Vitamin D’s role in immune health cannot be understated. By regulating hormone production and function, as well as being a pivotal precursor in the adaptive immune response, vitamin D is helpful in both acute and chronic immune disease states. Vitamin D insufficiency is linked with increased rates of pneumonia and the common cold in both children and adults (so you want to make sure you have adequate levels), but supplemental vitamin D above normal levels hasn’t shown to be effective for the treatment of common colds. (6) As long as you have adequate vitamin D levels, you’re getting the immune benefit of vitamin D; you don’t need to ingest excess levels in times of sickness if you’re already at a normal level.

In a review of 7 different studies, The Cochrane Collaboration found that vitamin D supplementation was able to decrease the number of emergency room visits, decrease the need for systemic corticosteroids, and improve lung function in people with asthma. The exact dosing strategy wasn’t clarified, differing between the 7 trials and ranging from 400 IU per day to over 100,000 IU in a single dose. (7)

Multiple Sclerosis is an example of an autoimmune condition that is significantly impacted by vitamin D status. Adequate levels of vitamin D can ensure that the myelin sheaths (the fatty insulating layer around nerve cells) are allowing brain signals to transmit as well as possible, despite the body attacking those very cells and making nerve transmission difficult. Low vitamin status is a risk factor for developing multiple sclerosis, and there is a notable increase in multiple sclerosis rates in countries with long winters, and less sunny weather. (8)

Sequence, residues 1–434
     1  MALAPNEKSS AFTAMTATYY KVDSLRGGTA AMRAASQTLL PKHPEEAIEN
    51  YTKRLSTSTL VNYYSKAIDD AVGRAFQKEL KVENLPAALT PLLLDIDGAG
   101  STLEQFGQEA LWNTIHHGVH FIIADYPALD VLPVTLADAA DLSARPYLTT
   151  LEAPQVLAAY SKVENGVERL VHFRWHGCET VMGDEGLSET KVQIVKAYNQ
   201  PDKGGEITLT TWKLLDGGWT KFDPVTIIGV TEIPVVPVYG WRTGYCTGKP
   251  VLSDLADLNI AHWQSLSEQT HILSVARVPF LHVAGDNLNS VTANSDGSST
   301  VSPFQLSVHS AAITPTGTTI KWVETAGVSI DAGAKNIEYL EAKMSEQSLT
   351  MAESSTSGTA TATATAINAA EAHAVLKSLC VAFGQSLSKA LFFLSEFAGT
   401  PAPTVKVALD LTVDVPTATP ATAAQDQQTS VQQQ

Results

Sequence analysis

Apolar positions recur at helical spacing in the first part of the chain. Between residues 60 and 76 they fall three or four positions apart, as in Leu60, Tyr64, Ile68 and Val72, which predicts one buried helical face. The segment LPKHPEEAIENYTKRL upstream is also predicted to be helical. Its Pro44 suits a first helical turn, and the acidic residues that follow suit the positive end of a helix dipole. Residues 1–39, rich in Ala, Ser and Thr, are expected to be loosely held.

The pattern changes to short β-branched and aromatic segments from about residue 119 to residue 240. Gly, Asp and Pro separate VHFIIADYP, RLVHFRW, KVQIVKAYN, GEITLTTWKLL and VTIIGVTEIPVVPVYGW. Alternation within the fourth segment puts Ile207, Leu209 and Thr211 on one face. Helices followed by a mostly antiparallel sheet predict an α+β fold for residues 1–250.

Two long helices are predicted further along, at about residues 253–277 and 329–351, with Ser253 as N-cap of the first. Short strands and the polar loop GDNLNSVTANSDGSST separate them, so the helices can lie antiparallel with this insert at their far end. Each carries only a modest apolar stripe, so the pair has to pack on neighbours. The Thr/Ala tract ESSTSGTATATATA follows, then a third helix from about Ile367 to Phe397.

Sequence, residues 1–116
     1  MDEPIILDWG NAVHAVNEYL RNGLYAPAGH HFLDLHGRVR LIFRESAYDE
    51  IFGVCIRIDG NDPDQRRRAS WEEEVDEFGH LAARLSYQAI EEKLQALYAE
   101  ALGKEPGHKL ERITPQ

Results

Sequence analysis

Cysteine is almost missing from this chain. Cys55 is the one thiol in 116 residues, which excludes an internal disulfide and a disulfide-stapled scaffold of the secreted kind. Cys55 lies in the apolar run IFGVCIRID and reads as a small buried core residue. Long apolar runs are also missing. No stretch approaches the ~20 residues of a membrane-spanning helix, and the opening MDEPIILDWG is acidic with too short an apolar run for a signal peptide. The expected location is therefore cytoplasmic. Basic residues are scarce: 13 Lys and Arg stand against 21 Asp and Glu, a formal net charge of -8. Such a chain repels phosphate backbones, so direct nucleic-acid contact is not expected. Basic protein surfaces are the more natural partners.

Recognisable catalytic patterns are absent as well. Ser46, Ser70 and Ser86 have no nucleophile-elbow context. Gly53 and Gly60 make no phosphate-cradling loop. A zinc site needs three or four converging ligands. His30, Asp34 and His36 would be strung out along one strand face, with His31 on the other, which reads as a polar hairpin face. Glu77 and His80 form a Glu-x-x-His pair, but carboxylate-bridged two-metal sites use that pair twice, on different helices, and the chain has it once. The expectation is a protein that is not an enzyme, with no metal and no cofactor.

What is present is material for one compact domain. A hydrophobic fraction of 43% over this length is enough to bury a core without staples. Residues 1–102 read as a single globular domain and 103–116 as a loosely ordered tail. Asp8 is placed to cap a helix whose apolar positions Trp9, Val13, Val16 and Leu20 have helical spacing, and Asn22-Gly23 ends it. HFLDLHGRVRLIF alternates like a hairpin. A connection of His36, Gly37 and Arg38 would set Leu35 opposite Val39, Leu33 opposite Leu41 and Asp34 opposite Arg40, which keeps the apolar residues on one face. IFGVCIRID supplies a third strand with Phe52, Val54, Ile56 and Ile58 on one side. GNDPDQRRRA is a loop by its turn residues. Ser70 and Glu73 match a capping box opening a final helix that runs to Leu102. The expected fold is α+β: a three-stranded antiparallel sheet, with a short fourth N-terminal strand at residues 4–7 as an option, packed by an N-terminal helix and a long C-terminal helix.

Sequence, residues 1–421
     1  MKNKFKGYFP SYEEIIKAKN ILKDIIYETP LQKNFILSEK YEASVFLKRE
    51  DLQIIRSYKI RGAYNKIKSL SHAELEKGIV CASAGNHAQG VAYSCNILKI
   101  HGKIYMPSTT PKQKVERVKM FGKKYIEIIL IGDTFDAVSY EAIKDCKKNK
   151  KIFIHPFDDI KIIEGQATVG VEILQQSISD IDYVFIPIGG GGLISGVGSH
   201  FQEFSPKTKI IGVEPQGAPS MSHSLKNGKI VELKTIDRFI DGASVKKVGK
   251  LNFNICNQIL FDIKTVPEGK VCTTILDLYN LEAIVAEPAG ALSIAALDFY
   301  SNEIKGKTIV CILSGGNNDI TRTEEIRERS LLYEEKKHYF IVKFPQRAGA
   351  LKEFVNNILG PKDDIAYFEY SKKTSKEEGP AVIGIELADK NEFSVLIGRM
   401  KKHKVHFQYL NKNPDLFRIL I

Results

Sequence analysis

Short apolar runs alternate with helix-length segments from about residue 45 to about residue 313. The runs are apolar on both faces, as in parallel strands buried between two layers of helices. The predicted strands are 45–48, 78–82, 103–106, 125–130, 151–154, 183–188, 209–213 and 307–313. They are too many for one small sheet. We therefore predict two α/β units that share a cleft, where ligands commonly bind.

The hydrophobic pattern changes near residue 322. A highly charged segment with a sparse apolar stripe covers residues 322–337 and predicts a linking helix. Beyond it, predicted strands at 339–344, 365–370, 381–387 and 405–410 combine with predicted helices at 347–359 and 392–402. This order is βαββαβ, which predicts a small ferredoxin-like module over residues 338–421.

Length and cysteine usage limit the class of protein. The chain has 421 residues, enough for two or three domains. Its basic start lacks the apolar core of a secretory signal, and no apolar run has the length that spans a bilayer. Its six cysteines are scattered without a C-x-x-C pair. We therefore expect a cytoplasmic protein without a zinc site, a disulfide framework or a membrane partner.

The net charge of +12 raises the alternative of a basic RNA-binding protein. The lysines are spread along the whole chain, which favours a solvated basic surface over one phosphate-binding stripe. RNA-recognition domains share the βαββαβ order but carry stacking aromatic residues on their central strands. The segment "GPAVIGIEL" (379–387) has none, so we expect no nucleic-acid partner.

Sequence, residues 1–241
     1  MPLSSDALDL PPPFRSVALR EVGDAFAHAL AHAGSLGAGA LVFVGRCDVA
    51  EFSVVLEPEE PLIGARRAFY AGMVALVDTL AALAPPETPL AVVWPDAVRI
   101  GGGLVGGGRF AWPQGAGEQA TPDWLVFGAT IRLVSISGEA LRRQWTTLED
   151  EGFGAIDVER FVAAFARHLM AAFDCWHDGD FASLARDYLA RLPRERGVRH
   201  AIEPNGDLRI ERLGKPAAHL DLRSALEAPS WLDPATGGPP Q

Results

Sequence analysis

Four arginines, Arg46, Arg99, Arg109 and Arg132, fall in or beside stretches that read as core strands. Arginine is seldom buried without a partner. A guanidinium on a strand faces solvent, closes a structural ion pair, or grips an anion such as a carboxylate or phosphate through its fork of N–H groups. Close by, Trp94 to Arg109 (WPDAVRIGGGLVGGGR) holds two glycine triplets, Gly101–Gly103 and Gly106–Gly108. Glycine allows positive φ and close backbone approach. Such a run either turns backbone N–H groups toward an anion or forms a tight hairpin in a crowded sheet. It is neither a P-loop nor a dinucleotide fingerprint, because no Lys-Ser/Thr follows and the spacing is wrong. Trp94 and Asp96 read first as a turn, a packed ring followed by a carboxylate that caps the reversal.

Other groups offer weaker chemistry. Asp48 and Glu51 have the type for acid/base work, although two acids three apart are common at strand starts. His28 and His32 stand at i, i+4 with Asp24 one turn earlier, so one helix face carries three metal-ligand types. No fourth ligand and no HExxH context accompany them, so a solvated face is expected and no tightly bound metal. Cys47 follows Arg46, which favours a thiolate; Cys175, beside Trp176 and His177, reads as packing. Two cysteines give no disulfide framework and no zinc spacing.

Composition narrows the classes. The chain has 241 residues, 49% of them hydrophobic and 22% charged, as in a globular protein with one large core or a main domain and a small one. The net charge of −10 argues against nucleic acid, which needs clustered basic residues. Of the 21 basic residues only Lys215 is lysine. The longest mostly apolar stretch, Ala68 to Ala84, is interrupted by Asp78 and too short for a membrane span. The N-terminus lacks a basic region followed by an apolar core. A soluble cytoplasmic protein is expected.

Low vitamin D levels are a risk factor for various aspects of cardiovascular disease, including poor lipid values and higher risk for heart attacks. (9) Considering all of the benefits of adequate vitamin D status, it’s no surprise that the College of Family Physicians of Canada (10) has taken the stance that testing vitamin D is rarely necessary in healthy patients. Prior to low dose vitamin D administration (1000-2000 IU for adults), vitamin D testing isn’t performed, since there is a high proportion of adults that are already deficient in vitamin D (<50nmol/L or < 20ng/ml) and will have a hard time getting enough production from their own body due to limited sunlight in the winter

What are the side effects?